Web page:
How do you find lim sqrtx/(x-1) as x->1^+ using l'Hospital's Rule or otherwise?

${\lim}_{x \to {1}^{+}} \frac{\sqrt{x}}{x - 1} = + \infty$
We cannot use l'Hospital's Rule as the limit does not present itself in one of the indeterminate forms $\frac{0}{0}$ or $\frac{\infty}{\infty}$.
We can however note that for $x \to {1}^{+}$ the numerator is continuous, while the denominator tends to zero by positive values so that posing $x = 1 + \delta$:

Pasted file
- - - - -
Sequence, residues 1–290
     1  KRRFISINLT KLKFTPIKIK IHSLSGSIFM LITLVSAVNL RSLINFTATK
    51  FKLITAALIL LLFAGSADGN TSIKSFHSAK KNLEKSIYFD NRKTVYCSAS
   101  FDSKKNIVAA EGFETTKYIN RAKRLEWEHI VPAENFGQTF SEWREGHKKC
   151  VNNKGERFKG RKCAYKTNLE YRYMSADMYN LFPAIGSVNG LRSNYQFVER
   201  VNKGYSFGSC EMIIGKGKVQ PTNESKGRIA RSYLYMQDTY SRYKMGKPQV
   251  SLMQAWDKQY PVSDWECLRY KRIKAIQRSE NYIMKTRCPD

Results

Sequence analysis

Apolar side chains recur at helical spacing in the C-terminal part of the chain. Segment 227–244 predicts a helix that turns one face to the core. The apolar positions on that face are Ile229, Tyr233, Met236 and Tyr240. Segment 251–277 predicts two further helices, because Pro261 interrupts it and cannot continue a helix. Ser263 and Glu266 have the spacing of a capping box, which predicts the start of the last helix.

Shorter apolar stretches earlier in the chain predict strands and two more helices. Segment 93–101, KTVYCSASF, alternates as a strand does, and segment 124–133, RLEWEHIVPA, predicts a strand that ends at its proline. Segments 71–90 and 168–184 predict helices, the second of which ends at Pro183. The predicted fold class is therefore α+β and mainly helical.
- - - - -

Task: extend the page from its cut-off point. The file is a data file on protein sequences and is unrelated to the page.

${\lim}_{x \to {1}^{+}} \frac{\sqrt{x}}{x - 1} = {\lim}_{\delta \to {0}^{+}} \frac{\sqrt{1 + \delta}}{1 + \delta - 1} = {\lim}_{\delta \to {0}^{+}} \frac{\sqrt{1 + \delta}}{\delta} = \left({\lim}_{\delta \to {0}^{+}} \sqrt{1 + \delta}\right) \cdot \left({\lim}_{\delta \to {0}^{+}} \frac{1}{\delta}\right) = + \infty$